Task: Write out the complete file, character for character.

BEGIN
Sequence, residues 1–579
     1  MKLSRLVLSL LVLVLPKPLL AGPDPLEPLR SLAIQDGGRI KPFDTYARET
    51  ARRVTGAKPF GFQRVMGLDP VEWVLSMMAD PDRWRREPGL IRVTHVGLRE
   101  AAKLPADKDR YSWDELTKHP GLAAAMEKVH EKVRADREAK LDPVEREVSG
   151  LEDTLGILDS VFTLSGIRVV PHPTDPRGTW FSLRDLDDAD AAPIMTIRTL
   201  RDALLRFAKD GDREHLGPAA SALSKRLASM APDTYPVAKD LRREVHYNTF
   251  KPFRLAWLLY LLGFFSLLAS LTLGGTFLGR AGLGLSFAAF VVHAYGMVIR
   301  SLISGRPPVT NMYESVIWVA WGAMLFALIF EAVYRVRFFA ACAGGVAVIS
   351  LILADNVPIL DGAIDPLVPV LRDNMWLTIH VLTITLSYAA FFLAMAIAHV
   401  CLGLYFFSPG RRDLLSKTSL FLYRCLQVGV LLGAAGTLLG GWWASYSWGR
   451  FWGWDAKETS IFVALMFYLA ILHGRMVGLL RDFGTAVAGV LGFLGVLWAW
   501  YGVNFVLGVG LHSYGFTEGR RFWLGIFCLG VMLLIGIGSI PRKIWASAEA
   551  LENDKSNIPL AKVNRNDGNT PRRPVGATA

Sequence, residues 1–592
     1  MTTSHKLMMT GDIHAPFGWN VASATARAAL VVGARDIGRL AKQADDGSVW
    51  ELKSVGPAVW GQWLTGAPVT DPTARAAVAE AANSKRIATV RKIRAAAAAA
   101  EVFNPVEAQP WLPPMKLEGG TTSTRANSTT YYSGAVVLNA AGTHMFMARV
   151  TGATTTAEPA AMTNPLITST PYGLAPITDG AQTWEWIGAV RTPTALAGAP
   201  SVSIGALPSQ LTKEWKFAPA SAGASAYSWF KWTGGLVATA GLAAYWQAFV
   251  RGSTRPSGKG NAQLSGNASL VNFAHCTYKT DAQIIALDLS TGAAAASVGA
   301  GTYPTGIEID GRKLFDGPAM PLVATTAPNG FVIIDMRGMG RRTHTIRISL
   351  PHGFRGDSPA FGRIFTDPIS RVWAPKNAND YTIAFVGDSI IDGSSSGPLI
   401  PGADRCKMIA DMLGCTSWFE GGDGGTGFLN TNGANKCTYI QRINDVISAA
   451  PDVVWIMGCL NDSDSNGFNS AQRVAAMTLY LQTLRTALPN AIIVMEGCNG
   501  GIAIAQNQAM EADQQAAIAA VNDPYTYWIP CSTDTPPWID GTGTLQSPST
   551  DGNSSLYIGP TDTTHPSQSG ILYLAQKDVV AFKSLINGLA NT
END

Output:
Sequence, residues 1–579
     1  MKLSRLVLSL LVLVLPKPLL AGPDPLEPLR SLAIQDGGRI KPFDTYARET
    51  ARRVTGAKPF GFQRVMGLDP VEWVLSMMAD PDRWRREPGL IRVTHVGLRE
   101  AAKLPADKDR YSWDELTKHP GLAAAMEKVH EKVRADREAK LDPVEREVSG
   151  LEDTLGILDS VFTLSGIRVV PHPTDPRGTW FSLRDLDDAD AAPIMTIRTL
   201  RDALLRFAKD GDREHLGPAA SALSKRLASM APDTYPVAKD LRREVHYNTF
   251  KPFRLAWLLY LLGFFSLLAS LTLGGTFLGR AGLGLSFAAF VVHAYGMVIR
   301  SLISGRPPVT NMYESVIWVA WGAMLFALIF EAVYRVRFFA ACAGGVAVIS
   351  LILADNVPIL DGAIDPLVPV LRDNMWLTIH VLTITLSYAA FFLAMAIAHV
   401  CLGLYFFSPG RRDLLSKTSL FLYRCLQVGV LLGAAGTLLG GWWASYSWGR
   451  FWGWDAKETS IFVALMFYLA ILHGRMVGLL RDFGTAVAGV LGFLGVLWAW
   501  YGVNFVLGVG LHSYGFTEGR RFWLGIFCLG VMLLIGIGSI PRKIWASAEA
   551  LENDKSNIPL AKVNRNDGNT PRRPVGATA

Sequence, residues 1–592
     1  MTTSHKLMMT GDIHAPFGWN VASATARAAL VVGARDIGRL AKQADDGSVW
    51  ELKSVGPAVW GQWLTGAPVT DPTARAAVAE AANSKRIATV RKIRAAAAAA
   101  EVFNPVEAQP WLPPMKLEGG TTSTRANSTT YYSGAVVLNA AGTHMFMARV
   151  TGATTTAEPA AMTNPLITST PYGLAPITDG AQTWEWIGAV RTPTALAGAP
   201  SVSIGALPSQ LTKEWKFAPA SAGASAYSWF KWTGGLVATA GLAAYWQAFV
   251  RGSTRPSGKG NAQLSGNASL VNFAHCTYKT DAQIIALDLS TGAAAASVGA
   301  GTYPTGIEID GRKLFDGPAM PLVATTAPNG FVIIDMRGMG RRTHTIRISL
   351  PHGFRGDSPA FGRIFTDPIS RVWAPKNAND YTIAFVGDSI IDGSSSGPLI
   401  PGADRCKMIA DMLGCTSWFE GGDGGTGFLN TNGANKCTYI QRINDVISAA
   451  PDVVWIMGCL NDSDSNGFNS AQRVAAMTLY LQTLRTALPN AIIVMEGCNG
   501  GIAIAQNQAM EADQQAAIAA VNDPYTYWIP CSTDTPPWID GTGTLQSPST
   551  DGNSSLYIGP TDTTHPSQSG ILYLAQKDVV AFKSLINGLA NT